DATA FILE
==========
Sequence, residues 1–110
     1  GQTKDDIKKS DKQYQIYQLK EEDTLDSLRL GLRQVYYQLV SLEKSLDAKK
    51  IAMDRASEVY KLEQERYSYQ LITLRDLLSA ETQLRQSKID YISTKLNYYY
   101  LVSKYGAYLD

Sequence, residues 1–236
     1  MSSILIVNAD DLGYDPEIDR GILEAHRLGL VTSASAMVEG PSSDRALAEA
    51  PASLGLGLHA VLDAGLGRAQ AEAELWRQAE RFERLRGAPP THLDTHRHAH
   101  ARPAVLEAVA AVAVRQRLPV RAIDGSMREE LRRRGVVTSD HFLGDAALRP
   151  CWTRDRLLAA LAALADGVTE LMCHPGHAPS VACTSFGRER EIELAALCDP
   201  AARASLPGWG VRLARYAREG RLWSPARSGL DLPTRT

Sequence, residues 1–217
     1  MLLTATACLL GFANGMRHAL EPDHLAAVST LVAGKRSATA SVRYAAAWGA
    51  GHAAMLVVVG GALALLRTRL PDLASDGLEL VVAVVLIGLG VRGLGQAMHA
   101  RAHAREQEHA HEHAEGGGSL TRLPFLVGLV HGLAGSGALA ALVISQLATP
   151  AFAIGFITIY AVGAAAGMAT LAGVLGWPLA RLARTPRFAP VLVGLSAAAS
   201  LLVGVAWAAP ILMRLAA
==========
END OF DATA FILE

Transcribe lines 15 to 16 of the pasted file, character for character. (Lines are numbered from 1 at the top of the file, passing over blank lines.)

   151  AFAIGFITIY AVGAAAGMAT LAGVLGWPLA RLARTPRFAP VLVGLSAAAS
   201  LLVGVAWAAP ILMRLAA